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Joel on Software

2002/10/02

by Joel Spolsky
Wednesday, October 02, 2002

I've been snowed under for the last four weeks, working on the FogBUGZ 3.0 Setup program.

For various reasons none of the commercial setup toolkits (Wise, InstallShield, Windows Installer) could do even 25% of what our setup program needed to do, so I ended up writing it from scratch. VC++ and MFC all the way. It took longer than I expected because I had this weird conviction that the entire setup process should be completely reversable, and as you go backwards through the wizard it should automatically and silently undo any changes it had already made. So even if you're looking at the last screen, if you decide you want to change where to extract the files, you can just back up and change it and everything moves and all the old files you overwrote are put back and all the Windows accounts you created are uncreated and all the permissions we granted are ungranted and the SQL database you made is unmade and so on. The end result is a great setup program, but it may be a tad overkill. If I have time I'll write more about what I learned.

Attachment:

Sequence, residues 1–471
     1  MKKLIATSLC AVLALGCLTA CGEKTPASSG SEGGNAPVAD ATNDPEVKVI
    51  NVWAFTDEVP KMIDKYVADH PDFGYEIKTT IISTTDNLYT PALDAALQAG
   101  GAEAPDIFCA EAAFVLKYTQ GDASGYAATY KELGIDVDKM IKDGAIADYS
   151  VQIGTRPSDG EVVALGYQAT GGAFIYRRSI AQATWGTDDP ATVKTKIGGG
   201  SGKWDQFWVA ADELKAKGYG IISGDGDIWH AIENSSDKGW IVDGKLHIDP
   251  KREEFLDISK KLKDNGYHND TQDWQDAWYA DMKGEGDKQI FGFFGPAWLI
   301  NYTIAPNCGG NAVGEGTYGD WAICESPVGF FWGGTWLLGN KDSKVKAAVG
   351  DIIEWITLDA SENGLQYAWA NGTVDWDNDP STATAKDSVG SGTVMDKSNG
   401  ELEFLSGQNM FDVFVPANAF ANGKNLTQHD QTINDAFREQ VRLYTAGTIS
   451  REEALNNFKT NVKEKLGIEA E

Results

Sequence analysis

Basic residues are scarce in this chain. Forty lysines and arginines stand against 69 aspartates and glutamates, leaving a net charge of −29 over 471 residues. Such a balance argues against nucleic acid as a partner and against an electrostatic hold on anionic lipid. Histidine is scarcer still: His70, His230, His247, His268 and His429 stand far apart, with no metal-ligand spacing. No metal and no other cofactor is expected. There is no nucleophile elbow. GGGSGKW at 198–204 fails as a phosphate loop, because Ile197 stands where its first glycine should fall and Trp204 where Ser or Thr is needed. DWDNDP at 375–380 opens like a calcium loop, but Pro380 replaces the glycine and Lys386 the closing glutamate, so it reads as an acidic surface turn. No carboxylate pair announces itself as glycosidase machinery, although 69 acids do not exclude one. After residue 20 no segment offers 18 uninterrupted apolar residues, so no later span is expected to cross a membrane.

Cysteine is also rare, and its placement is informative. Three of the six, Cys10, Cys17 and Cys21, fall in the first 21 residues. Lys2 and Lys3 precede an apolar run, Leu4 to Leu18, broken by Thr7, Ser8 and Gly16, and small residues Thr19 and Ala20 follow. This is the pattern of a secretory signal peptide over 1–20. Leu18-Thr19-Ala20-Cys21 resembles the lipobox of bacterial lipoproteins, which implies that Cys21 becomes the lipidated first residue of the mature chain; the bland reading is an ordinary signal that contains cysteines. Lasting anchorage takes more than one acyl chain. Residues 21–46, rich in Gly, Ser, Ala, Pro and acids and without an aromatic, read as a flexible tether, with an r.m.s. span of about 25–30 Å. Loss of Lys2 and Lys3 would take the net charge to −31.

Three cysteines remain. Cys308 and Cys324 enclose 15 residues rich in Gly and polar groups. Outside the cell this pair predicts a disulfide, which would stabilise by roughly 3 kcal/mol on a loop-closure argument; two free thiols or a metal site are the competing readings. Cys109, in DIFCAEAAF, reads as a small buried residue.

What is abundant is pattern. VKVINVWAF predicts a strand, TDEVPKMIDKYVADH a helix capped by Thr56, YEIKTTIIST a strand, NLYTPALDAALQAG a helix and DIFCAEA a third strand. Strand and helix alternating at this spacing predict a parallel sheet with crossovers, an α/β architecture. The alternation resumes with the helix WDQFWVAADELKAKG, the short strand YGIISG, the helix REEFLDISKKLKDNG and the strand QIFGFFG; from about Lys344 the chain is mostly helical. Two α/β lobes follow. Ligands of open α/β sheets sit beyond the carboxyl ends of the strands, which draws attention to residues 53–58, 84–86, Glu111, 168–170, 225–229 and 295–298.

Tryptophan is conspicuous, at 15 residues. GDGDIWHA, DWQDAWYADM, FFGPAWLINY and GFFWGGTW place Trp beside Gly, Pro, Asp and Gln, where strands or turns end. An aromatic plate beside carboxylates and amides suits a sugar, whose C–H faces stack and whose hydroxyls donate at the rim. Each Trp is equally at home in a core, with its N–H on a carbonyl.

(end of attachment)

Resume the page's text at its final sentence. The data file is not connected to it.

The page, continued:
One benefit of writing a setup program from scratch is that I don't have to have someone else's stupid cartoon-of-a-computer-and-floppy-disks in the upper right hand corner. I used a photograph of the London Skyline, currently infested with cranes. I took the picture from the cafe at the Tate Modern.
 
FogBUGZ 3.0 Setup
 

Have you been wondering about Distributed Version Control? It has been a huge productivity boon for us, so I wrote Hg Init, a Mercurial tutorial—check it out!

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About the author.

I’m Joel Spolsky, co-founder of Fog Creek Software, a New York company that proves that you can treat programmers well and still be highly profitable. Programmers get private offices, free lunch, and work 40 hours a week. Customers only pay for software if they’re delighted. We make Trello, insanely simple project management, FogBugz, an enlightened bug tracker designed to help great teams develop brilliant software, and Kiln, which simplifies source control. I’m also the co-founder and CEO of Stack Exchange. More about me.

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